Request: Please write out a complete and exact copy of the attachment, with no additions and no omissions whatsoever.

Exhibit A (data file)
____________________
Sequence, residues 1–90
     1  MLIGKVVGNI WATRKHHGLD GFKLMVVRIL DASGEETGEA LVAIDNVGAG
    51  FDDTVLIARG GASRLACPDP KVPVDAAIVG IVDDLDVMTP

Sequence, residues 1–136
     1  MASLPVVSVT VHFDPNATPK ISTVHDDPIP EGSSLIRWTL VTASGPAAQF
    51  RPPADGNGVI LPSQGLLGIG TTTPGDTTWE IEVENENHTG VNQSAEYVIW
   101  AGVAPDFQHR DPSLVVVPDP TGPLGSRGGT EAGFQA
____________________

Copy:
Sequence, residues 1–90
     1  MLIGKVVGNI WATRKHHGLD GFKLMVVRIL DASGEETGEA LVAIDNVGAG
    51  FDDTVLIARG GASRLACPDP KVPVDAAIVG IVDDLDVMTP

Sequence, residues 1–136
     1  MASLPVVSVT VHFDPNATPK ISTVHDDPIP EGSSLIRWTL VTASGPAAQF
    51  RPPADGNGVI LPSQGLLGIG TTTPGDTTWE IEVENENHTG VNQSAEYVIW
   101  AGVAPDFQHR DPSLVVVPDP TGPLGSRGGT EAGFQA